ConcernsCont…. Adult diarrhea rates in severe cholera approach 1 L/h, so losses of up to 300 mEq of sodium can accrue within 5 hours of such treatment, enough to sharply lower blood sodium levels. Even with antibiotics, oral maintenance usually lasts 24 to 44 hours in adult cholera patients, enough to induce massive sodium deficits using the low- sodium solution. Moreover, to expand intravascular volume rapidly, patients must drink more of a low-sodium solution, which may lead to fatigue and treatment failure. JAMA. 2004;291:2628-2631
ConcernsCont…. In malnourished patients with chronic hyponatremia and multiple diarrhea episodes, very low-sodium oral solutions (45 mEq/L) also aggravate hyponatremia (1 of 65 patients had seizure). Use of reduced-osmolarity solution in these patients should be relatively contraindicated, but the new recommendations do not address this point. JAMA. 2004;291:2628-2631.
ConcernsCont…. Another difficulty is that all studies of the new formulation involved single-incident diarrhea episodes. Where effective oral therapy programs exist, children may receive therapy for multiple diarrhea episodes. Surveys in several countries have shown more than 7 episodes of varied etiologies per child annually. The risk of aggravated hyponatremia might exist when such patients, already sodium depleted, present for treatment of incident episodes. This deserves study to determine the safety of low-sodium solutions in such patients. JAMA. 2004;291:2628-2631.
ConcernsCont…. Studies leading to the recommendation for the reduced- osmolarity ORS for noncholera diarrhea therapy had variable outcomes. Reduction in diarrhea rate, if real, is minimal; diarrhea duration is unaffected. The need for unscheduled intravenous fluids was not laboratory confirmed, and in the largest study it was not paralleled by reduced stool losses. For these reasons, and the risk of induction of hyponatremia, it remains unclear whether the new solution favorably alters the benefit-to-risk ratio for pediatric and adult diarrhea patients without cholera.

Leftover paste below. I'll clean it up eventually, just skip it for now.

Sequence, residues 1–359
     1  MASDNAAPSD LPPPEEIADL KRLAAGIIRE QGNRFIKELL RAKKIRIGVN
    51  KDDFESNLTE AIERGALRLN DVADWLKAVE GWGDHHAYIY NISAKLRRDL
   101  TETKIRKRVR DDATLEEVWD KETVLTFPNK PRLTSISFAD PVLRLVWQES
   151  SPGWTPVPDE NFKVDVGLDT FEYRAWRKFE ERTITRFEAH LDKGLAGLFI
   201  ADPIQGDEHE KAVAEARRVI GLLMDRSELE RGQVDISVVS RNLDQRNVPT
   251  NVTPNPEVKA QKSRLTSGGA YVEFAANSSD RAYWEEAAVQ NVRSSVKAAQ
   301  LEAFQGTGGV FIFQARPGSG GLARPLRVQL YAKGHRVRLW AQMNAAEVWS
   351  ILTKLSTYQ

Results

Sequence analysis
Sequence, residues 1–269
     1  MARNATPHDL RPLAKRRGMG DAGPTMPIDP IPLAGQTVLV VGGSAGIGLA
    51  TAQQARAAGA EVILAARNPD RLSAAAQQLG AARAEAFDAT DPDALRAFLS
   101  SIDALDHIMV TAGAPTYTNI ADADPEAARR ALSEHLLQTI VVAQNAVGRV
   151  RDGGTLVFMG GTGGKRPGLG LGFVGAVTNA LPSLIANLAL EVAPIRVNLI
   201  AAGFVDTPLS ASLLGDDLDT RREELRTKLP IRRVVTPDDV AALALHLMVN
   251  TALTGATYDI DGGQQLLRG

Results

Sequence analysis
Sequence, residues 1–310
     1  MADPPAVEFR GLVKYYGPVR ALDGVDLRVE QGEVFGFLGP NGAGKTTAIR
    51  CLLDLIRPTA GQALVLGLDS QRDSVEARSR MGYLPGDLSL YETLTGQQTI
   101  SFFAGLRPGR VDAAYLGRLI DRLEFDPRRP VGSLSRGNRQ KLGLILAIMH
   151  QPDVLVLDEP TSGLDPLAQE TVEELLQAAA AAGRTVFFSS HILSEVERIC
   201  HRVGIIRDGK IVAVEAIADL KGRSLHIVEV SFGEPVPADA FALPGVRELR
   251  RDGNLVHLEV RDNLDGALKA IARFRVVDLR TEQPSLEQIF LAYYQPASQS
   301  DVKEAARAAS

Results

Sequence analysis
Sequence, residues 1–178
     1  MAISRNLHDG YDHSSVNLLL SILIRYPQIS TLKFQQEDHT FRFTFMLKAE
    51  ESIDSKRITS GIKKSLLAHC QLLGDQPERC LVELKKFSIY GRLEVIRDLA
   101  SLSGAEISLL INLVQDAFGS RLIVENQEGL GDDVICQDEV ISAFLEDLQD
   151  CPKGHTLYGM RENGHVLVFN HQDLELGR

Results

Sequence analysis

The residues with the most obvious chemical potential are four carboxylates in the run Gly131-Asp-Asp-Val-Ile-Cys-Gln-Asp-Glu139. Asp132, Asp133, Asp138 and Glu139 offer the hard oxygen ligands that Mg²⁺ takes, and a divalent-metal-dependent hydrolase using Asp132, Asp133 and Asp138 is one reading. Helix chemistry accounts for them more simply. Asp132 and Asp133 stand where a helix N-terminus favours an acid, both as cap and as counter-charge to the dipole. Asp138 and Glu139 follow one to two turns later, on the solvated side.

ConcernsCont…. Additional, more rigorous studies are needed to determine the optimal solution for such patients. What is clear is that the reduced-osmolarity ORS increases the risk for hyponatremia during therapy in adults with cholera but offers them no clinical advantages. Moreover, clinical findings in small numbers of pediatric patients with cholera were contradictory. JAMA. 2004;291:2628-2631.
Experience with Standard ORS The original WHO formulation with 90 mEq/L of sodium and 111 mmol/L of glucose proved a safe, effective formulation for all age groups and cholera or noncholera diarrhea. However, failure to communicate the information needed to ensure correct solution preparation, concentration, and appropriate drinking volumes can lead to electrolyte imbalance, whatever the formulation. Thus, inaccuracies in home-mixing of solutions led to hypernatremia in Egypt, a situation that was reversed with detailed instructions broadcast via television and taught in rehydration clinics. JAMA. 2004;291:2628-2631
Queries??? Should reduced osmolarity solution replace the current WHO oral rehydration solution as the new "standard" or should there be two standard solutions, one for regions where cholera is endemic and another for everywhere else?